City Hall Park, which is surrounded by the grand architecture of New York's most majestic civic buildings, is bordered on one side by the entrance to the Brooklyn Bridge. Since the seventeenth century, the same land has been used as a pasture, a prison, and a public execution site. The park's western-most boundary is the Native American trail that eventually became Broadway, New York's oldest street.
The current Sol Le Witt exhibit, a comprehensive collection of more than 20 works, was made possible by New York's Public Art Fund. The sculptures are strategically placed throughout the park along with markers that explain how each impacted the artist's life. With no real start or end point, viewers can feel free to stroll at their leisure.
The collection dates from 1965 to 2006 and will be on display through early December 2011. Besides Le Witt's show a few years ago on the rooftop of the Metropolitan Museum of Art, the exhibit in City Hall Park marks the first time so many of the artists' works have been shown together in one outdoor space.
After your walk around the park, enjoy lunch or dinner at nearby Taqueria Nixtamalito, an authentic Mexican eatery that serves some of New York's most delicious tacos, tortas, nachos, quesadillas, and five kinds of tamales.
Located between the edge of City Hall Park and the entrance to the Brooklyn Bridge, Taqueria Nixtamalito is the perfect spot for dining al fresco. And the prices couldn't be more recession-friendly. For less than $25 one could easily feed a family of four and still have food to take home. Outdoor seating is limited, but there are always plenty of shady spots located inside the park. Come early or late to avoid large crowds of jurors who empty out of adjacent court rooms throughout the afternoon on weekdays. For a healthier take on the taco, try the delicious steak variety shown here.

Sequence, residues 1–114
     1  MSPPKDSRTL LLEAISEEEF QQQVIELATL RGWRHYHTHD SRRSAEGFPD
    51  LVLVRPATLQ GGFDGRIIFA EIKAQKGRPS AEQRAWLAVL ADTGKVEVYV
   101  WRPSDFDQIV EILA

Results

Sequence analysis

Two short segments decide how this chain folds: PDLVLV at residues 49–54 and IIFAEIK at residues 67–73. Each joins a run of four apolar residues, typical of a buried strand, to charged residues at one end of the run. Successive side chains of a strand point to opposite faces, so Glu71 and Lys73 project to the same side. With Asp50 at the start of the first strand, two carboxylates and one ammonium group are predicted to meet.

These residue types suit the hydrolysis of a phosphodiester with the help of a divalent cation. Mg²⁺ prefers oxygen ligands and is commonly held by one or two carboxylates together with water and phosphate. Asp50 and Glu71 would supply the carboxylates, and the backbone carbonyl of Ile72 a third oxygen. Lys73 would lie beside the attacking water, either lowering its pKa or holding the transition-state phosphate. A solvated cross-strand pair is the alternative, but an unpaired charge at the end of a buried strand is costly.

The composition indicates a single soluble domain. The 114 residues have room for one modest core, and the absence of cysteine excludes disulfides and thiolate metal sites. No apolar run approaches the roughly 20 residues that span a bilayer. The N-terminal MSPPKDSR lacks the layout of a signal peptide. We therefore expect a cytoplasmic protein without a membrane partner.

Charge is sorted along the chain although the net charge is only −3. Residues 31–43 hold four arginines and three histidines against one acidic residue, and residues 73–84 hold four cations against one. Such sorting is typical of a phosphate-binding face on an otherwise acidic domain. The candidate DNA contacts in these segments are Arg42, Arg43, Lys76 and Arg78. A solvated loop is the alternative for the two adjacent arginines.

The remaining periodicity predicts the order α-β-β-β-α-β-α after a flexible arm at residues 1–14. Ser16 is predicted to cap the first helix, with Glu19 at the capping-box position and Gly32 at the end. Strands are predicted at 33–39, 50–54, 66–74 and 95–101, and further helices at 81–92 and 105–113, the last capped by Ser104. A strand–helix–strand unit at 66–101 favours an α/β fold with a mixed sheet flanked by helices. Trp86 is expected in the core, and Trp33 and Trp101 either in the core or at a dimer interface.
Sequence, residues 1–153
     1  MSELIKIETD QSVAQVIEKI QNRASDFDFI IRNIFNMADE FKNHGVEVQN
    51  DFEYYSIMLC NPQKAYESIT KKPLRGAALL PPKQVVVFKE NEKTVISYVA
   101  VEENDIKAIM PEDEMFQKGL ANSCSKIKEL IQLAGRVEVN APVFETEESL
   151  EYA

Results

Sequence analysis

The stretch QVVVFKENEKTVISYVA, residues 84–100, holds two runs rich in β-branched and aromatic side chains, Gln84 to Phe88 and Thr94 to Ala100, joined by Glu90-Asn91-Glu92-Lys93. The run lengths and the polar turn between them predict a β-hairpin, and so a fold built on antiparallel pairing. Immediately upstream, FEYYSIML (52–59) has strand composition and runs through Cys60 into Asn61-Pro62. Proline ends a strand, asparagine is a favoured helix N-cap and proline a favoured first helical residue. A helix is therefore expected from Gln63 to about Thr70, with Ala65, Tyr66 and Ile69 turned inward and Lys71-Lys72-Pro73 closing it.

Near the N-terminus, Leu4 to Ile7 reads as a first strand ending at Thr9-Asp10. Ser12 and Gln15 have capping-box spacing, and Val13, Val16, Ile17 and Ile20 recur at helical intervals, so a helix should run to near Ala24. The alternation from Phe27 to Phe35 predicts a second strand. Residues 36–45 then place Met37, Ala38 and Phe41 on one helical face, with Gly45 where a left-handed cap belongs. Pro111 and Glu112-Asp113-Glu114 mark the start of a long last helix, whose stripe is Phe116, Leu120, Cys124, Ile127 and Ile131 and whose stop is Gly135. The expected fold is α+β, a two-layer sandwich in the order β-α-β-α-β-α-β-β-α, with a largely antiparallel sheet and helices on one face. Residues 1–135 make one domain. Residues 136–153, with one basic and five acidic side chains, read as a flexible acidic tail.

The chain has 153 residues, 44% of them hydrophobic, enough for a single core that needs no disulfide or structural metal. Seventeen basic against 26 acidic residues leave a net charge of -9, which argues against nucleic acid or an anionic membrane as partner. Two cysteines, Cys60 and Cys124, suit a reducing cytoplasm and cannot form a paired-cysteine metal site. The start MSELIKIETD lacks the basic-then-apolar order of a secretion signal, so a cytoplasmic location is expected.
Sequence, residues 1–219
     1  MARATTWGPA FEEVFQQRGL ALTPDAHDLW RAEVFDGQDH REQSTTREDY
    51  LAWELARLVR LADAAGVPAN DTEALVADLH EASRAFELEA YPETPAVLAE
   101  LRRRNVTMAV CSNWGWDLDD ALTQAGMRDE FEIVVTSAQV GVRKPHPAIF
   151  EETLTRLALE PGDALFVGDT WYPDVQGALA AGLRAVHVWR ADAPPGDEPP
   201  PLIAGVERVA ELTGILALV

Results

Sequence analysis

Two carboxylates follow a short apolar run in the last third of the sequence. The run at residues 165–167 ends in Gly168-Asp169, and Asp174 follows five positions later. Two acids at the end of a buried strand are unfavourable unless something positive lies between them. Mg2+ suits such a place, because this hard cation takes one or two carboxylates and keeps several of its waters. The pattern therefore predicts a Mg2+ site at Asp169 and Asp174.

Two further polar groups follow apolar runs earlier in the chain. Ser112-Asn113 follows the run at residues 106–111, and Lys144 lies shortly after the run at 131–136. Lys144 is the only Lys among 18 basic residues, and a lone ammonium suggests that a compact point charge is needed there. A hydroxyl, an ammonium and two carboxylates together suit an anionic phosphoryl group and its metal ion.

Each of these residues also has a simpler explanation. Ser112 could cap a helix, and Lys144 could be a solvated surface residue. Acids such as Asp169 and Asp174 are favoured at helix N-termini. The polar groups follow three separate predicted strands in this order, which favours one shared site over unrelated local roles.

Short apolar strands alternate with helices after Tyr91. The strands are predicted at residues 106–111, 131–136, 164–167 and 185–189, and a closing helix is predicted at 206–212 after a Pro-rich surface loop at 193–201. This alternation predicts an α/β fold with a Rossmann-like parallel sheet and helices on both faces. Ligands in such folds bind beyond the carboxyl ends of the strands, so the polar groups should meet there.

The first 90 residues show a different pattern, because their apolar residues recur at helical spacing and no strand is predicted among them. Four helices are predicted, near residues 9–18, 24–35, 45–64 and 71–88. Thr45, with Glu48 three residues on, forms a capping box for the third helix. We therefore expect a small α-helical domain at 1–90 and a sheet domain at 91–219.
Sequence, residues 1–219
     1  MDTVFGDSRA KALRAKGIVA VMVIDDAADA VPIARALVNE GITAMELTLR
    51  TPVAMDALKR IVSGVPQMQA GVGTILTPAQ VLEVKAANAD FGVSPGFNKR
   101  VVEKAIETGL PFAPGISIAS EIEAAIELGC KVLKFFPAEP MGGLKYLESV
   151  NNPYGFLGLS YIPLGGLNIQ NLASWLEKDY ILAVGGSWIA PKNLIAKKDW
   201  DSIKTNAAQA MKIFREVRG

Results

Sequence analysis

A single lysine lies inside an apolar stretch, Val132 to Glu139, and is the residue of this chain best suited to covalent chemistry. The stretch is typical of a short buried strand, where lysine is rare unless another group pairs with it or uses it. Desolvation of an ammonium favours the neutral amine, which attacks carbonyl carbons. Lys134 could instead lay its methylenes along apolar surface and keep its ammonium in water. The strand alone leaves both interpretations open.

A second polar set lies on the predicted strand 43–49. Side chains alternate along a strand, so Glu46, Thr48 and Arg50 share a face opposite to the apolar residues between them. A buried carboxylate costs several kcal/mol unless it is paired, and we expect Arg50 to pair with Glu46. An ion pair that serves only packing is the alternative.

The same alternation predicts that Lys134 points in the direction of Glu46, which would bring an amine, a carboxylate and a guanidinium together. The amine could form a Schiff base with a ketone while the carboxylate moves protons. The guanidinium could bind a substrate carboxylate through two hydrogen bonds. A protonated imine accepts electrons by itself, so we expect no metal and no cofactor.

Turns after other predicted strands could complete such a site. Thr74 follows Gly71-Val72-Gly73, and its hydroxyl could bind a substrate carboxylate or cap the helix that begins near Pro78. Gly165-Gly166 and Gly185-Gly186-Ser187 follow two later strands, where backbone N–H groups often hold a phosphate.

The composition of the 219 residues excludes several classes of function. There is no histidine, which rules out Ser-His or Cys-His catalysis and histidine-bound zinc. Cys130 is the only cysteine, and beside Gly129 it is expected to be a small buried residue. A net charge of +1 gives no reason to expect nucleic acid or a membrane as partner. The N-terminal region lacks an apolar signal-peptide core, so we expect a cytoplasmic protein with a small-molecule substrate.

While downtown, ramble around the area to nearby historic sites, such as the Alexander Hamilton U.S. Customs House, which is open to the public all year and free of charge. Besides being a national historic treasure, the first three floors house the National Museum of the American Indian, which is also free and open every day. The majestic building dates back to 1907 and was designed by famed American architect Cass Gilbert.
VIsitors to the area may then head to other nearby sites of interest, such as the New York Stock Exchange, the rebuilt World Trade Center site, or Battery Park along the waterfront. Besides the obvious historical value of such an excursion, Lower Manhattan is known for having more public sculptures than in any other part of the city, most of them permanent, such as this one by French master Jean Dubuffet.